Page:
• Model 0 adjusted for the individual level covariates gestational age, CRIB score, sex, severe malformations, multiple birth, early-onset sepsis/systemic inflammatory response syndrome, temperature on admission, place of birth, gestational age*gestational age, gestational age*severe malformations, gestational age*CRIB score, CRIB score*severe malformations.

  • Model 1 adjusted for the same covariates as Model 0 plus the cross-level interaction term hospital volume*CRIB score.

In the alternative model, cross-level interaction between the hospital volume and the CRIB score was significant. The stratified ORs showed that only neonates with CRIB scores of more than 5 had a higher chance of dying if born in small hospitals than large hospitals, and this likelihood was elevated for higher CRIB scores (CRIB score 6–10: OR 1.61, 95% CI 0.88–2.92; and CRIB score 11–15: OR 2.69, 95% CI 1.39–5.18; Model 1, table 2). This effect could not be shown for neonates with a CRIB score ≥16 (OR 1.17, CI 0.36–3.83); however, there were only 97 admissions in this category.

Both models showed a good discriminatory ability with an AUC of 0.88.

Analysis of variance

In the null model with random intercept only, the MOR for mortality between neonates treated in a randomly chosen low-performing versus high-performing hospital was 1.62 (Table 3). Hospital volume did not explain any of the interhospital variation in the hospital mortality rates nor did the mean number of NICU beds. Teaching status explained 9% of the interhospital differences, i.e. Vh was reduced by 9.0% by adding this variable to the null model.

In the reference model adjusting for case-mix, MOR increased to a value of 1.72. Hospital volume explained 15.1% of the interhospital variation, i.e. Vh was reduced by 15.1% by adding hospital volume to the reference model. Teaching status explained 3.0%, whereas mean number of NICU beds was of no relevance.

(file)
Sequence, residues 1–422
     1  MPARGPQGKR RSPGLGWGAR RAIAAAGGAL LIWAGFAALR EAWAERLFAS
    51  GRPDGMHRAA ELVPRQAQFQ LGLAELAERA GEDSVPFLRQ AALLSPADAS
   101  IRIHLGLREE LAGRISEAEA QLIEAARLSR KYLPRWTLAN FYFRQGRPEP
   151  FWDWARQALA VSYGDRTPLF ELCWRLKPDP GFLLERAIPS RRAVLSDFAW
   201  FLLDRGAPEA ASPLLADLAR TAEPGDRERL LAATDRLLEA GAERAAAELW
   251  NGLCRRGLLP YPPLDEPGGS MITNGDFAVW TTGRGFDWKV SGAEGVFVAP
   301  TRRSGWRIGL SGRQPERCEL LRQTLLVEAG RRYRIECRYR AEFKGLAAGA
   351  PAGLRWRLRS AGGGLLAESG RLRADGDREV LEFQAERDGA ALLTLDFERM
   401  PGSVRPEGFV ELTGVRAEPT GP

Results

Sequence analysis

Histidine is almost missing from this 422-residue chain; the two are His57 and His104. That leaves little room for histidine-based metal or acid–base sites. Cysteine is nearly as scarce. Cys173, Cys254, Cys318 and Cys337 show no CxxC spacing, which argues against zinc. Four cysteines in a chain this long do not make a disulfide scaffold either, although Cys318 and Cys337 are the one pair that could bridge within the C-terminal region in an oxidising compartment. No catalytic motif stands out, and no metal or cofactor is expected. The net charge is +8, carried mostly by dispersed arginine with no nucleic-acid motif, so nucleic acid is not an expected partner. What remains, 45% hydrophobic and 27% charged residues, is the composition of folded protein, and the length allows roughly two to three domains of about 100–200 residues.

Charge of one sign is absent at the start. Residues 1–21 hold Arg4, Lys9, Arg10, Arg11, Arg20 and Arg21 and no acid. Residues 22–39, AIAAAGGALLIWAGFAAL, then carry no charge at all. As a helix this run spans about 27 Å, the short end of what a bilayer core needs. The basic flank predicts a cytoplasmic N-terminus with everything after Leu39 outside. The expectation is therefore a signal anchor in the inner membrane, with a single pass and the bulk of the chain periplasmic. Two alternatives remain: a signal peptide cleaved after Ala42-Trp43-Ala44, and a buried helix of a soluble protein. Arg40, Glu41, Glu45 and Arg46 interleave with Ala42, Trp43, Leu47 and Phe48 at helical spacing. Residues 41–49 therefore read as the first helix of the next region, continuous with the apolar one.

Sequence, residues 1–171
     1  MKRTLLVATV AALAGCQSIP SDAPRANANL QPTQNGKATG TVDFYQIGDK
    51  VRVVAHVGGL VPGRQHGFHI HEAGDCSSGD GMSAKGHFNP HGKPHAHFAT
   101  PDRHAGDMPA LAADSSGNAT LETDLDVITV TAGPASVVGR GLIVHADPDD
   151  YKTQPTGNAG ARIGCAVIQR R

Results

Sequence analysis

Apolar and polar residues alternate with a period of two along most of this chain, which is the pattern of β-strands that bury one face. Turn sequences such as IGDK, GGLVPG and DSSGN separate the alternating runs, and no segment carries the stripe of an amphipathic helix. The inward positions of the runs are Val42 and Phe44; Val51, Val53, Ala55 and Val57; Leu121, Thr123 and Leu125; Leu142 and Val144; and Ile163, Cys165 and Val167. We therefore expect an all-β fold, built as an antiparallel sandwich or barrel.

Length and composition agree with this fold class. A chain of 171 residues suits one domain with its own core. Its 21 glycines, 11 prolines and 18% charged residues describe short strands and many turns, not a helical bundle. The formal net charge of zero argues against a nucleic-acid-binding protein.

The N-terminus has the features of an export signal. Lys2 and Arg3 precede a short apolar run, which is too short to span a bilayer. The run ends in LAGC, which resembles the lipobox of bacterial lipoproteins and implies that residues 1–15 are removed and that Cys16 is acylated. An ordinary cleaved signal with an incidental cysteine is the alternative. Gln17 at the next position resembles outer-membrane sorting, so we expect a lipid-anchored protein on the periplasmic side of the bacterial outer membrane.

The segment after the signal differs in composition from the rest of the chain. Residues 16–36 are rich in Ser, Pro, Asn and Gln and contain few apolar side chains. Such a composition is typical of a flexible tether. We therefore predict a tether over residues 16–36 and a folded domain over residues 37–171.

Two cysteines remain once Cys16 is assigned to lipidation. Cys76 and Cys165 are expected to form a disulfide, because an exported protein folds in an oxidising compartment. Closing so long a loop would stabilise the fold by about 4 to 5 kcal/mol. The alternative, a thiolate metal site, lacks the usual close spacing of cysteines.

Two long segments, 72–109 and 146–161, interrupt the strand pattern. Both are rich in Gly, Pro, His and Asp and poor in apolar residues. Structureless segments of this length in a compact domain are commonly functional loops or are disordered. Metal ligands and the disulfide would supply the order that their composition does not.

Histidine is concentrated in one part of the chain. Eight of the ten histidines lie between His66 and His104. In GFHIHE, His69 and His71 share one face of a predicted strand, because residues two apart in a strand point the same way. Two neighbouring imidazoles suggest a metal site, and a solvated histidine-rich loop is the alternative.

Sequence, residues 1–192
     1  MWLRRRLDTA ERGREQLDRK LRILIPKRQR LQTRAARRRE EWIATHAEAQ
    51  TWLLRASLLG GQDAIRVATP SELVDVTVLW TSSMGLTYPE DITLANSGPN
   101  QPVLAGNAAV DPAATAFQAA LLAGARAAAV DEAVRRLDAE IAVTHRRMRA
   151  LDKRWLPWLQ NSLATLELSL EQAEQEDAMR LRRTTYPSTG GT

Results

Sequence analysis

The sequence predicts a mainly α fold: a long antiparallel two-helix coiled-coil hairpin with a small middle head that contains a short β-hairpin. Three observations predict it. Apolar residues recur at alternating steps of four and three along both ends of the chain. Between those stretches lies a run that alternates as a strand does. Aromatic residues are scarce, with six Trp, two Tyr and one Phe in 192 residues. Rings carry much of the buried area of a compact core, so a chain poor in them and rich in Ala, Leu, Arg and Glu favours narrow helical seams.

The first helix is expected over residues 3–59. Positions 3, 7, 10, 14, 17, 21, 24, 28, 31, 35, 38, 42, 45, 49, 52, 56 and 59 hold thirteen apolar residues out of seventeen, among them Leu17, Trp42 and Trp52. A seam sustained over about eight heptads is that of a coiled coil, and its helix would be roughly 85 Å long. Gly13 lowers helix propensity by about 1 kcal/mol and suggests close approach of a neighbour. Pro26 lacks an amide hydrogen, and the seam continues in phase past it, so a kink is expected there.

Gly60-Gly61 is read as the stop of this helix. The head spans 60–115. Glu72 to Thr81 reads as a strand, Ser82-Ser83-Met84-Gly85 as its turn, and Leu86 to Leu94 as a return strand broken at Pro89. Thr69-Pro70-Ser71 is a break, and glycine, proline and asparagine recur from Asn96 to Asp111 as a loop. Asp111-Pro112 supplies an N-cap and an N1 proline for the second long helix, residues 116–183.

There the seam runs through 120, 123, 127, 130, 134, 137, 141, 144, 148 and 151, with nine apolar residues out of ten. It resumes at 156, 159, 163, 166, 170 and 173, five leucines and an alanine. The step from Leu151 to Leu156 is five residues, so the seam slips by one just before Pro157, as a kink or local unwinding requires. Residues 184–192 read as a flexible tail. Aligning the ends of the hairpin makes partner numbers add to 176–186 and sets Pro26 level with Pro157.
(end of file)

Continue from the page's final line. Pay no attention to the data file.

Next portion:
View this table:
Table 3

Hospital level variances dependent on different models: Effects of adding hospital-level covariates to null model (random intercept only) and to reference model (random intercept and individual covariates)

ModelVh (95% CI)PCV, %MORP
Null model0.256 (0.131–0.512)Ref.1.62
    Plus hospital volume0.263 (0.132–0.536)−3.11.630.7006
    Plus teaching status0.233 (0.116–0.47891.580.0556
    Plus mean number of NICU beds0.264 (0.134–0.536)−3.41.630.7649
Reference model0.324 (0.165–0.647)Ref.1.72
    Plus hospital volume0.275 (0.131–0.573)15.11.650.0499
    Plus teaching status0.327 (0.164–0.669)−1.11.720.3651
    Plus mean number of NICU beds0.314 (0.156–0.640)31.70.4979
  • Vh = hospital-level variance; CI = Confidence interval; PCV = Proportional change in variance with respect to null/reference model; MOR = Median odds ratio; P = significance of model comparison (Chi-squared statistic); NICU = neonatal intensive care unit; Ref. = Reference.

The hospital variance was significant for all models (P < 0.0001). The effect of adding hospital volume or mean number of NICU beds to the null model was not significant (table 3). Only teaching status led to improvement in fitting null models with only hospital-level covariates. Extending the reference model containing individual-level covariates was significant only for hospital volume.

Standardized mortality ratio

The plot of the SMR against total number of observations in the study period indicated that 75.0% (6 of 8) of the large hospitals with ≥30 admissions per year had a better-than-expected outcome (solid circles in figure 1). Of the smaller hospitals, 40.9% (9 of 22; open circles) had a better-than-expected outcome, whereas the remaining had worse-than-expected outcomes. Smaller hospitals also varied more in the outcome than large ones. None of the estimates showed evidence of a systematic difference with the exception of one outlier with an SMR of 0.

Figure 1